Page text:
Last week, the Economic Opportunity Institute and PubliCola linked to an audit of the DC Accrued Sick and Safe Leave Act of 2008. Both posts say that the audit shows the "sky isn't falling," but it doesn't actually show much at all.
The audit's look at paid sick leave's effect on business is secondary to its look at compliance with and administration of the act. Indeed, the audit found only that "intermittent District government employees did not receive paid sick leave," "hardship exemption rules were not finalized," and "91% of employers complied with the posting requirement."
But, one of the stated objectives of the audit was to "assess the economic impact of the Act on the private sector." Later the report clarifies that it looks only at whether mandating paid sick leave encouraged businesses to move out of DC or discouraged businesses from locating in DC.
Not only did the audit take a very narrow view of what the economic impacts of the policy might be, its methodology does not seem particularly rigorous. The auditor sent questionnaires to 800 businesses located in DC in 2012 and asked:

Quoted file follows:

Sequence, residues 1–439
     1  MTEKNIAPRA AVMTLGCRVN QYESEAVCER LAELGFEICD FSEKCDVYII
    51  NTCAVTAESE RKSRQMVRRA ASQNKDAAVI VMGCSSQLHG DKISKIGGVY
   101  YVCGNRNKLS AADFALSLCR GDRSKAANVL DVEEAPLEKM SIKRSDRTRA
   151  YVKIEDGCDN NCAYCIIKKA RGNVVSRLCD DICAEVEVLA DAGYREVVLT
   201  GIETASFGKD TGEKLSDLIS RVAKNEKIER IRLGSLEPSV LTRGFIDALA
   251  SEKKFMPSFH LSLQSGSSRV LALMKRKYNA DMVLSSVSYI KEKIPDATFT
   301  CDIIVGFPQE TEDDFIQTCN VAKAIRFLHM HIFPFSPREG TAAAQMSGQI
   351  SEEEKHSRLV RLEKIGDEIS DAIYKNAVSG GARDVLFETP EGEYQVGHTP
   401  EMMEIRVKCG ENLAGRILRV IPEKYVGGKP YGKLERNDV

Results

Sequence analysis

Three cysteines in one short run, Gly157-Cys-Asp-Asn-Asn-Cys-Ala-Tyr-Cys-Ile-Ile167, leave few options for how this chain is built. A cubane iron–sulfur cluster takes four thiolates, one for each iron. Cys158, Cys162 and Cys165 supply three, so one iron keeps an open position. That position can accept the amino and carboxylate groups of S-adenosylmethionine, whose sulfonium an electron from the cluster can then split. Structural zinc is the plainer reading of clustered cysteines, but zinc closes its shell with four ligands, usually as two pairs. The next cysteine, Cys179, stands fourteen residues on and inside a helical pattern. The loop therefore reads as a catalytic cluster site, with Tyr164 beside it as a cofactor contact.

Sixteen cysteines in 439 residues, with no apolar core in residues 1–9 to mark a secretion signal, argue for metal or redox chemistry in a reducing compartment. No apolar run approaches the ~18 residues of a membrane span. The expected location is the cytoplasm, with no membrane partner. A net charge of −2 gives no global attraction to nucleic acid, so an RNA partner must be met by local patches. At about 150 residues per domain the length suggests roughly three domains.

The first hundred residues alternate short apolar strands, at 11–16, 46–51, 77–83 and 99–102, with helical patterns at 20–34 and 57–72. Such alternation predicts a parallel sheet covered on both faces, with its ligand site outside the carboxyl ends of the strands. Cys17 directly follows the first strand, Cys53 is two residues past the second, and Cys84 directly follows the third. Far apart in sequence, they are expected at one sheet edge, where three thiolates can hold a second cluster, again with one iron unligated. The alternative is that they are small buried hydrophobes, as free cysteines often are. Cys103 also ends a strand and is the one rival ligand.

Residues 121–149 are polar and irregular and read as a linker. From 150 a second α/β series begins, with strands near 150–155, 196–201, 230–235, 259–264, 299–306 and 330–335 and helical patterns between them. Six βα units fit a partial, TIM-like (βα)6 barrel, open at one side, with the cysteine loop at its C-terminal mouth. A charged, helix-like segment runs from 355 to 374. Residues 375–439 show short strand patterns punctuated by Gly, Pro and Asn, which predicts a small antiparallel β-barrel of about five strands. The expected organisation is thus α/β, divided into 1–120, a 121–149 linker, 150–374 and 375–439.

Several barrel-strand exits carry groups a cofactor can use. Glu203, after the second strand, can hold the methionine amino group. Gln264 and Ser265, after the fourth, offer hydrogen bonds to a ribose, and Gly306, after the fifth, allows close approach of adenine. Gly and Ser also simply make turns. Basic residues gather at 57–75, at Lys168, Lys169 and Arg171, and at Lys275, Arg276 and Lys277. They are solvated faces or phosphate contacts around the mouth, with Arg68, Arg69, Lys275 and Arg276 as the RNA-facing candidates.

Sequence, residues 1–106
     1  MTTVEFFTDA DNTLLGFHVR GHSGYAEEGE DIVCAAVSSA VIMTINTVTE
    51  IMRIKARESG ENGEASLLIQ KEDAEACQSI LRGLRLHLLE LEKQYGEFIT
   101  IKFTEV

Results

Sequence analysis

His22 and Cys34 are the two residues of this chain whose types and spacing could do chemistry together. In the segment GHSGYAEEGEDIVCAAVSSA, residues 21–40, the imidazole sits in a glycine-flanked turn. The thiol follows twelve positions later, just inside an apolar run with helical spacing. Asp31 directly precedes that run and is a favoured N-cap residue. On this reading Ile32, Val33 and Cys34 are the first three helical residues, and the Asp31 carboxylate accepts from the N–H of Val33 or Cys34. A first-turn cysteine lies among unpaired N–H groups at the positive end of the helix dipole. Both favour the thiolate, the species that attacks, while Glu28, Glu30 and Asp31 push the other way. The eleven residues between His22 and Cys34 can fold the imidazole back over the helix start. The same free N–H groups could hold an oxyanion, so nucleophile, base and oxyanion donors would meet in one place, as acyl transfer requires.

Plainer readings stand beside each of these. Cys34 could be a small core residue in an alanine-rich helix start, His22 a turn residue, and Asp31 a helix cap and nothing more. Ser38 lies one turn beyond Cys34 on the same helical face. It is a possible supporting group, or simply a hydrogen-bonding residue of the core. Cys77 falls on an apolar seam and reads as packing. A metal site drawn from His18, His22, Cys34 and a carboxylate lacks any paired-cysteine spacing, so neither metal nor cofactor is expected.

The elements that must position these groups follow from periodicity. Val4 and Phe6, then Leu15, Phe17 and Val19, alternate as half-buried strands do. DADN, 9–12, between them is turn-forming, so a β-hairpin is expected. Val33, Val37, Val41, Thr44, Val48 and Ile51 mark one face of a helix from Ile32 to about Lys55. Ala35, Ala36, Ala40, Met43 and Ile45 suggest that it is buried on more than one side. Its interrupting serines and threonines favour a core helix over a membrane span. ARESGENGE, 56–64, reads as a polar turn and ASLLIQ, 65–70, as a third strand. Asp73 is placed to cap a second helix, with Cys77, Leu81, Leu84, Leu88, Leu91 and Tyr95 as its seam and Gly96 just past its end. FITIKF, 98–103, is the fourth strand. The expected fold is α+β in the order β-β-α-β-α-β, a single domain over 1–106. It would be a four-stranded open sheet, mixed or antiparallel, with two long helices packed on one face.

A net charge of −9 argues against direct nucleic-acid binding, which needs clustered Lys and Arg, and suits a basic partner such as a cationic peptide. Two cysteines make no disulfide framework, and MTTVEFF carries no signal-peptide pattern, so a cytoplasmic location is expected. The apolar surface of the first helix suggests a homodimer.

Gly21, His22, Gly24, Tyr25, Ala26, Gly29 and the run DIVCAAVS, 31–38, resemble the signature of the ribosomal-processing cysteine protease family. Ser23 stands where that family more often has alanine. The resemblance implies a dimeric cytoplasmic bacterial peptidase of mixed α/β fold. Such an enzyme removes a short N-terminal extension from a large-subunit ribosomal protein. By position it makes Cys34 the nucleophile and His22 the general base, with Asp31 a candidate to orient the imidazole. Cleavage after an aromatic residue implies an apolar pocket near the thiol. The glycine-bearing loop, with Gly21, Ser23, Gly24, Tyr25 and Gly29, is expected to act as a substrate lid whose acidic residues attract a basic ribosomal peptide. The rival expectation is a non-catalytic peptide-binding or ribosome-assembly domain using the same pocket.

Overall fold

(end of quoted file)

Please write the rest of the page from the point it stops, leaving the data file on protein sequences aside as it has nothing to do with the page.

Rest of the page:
- "Would the requirement to provide paid sick leave benefits cause you to move your business from the District of Columbia?"
- "In 2007 did your business provide paid sick leave benefits?"
- "In 2012 did your business provide paid sick leave benefits?"
The report does not say how many businesses returned the surveys. According to the report, 87.5 percent of respondents said that they would not move out of DC because of the law. It doesn't seem surprising that businesses currently located in DC wouldn't move out of the city because of a policy enacted five years ago. Presumably, most would have already done so; if so, this report would overstate the number of businesses staying put. There doesn't seem to have been an attempt to talk to businesses that left DC after 2008 to see if paid sick leave was a contributing factor to the decision.
The report continues, "According to District businesses [sic] owners interviewed by the Auditor, the paid sick leave requirement of the Act did not discourage owners from establishing businesses in the District." If they say so. There's no indication they talked only to businesses new to DC since 2008, and they certainly didn't talk to businesses that could have located there but didn't.
Because paid sick leave laws are so new (the first, in San Francisco, has been effective since 2007), there are few studies of their effects. (See this brief for more information on paid sick leave, including a review of other studies.) What little information the DC audit relays is questionable in its methodology. Supporters of paid sick leave shouldn't be heartened by it.